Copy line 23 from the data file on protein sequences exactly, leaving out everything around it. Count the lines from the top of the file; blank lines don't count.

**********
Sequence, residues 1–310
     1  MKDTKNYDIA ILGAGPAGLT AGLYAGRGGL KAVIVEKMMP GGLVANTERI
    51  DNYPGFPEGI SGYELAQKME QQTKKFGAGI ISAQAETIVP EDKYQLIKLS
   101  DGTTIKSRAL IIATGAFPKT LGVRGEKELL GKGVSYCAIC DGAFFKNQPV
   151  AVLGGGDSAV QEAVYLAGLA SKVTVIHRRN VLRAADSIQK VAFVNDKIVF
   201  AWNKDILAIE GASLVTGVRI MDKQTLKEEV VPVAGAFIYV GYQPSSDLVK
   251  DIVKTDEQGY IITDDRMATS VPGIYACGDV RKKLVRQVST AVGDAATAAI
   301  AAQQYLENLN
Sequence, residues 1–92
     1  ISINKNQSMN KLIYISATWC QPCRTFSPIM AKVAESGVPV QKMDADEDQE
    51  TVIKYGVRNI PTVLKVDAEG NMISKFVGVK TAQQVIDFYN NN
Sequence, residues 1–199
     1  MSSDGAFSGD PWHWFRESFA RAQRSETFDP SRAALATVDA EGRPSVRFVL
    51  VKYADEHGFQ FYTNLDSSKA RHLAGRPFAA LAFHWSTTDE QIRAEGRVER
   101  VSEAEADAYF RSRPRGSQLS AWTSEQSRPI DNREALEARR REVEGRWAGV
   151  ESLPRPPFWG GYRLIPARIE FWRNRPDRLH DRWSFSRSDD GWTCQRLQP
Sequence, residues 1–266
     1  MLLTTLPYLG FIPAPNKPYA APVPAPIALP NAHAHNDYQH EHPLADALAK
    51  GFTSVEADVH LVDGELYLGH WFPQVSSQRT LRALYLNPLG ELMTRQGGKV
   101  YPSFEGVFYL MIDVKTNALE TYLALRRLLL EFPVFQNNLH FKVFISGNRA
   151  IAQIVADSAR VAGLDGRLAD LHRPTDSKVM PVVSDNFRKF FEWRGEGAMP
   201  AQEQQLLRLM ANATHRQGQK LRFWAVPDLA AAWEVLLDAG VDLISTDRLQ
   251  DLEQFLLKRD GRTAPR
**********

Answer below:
   251  DLEQFLLKRD GRTAPR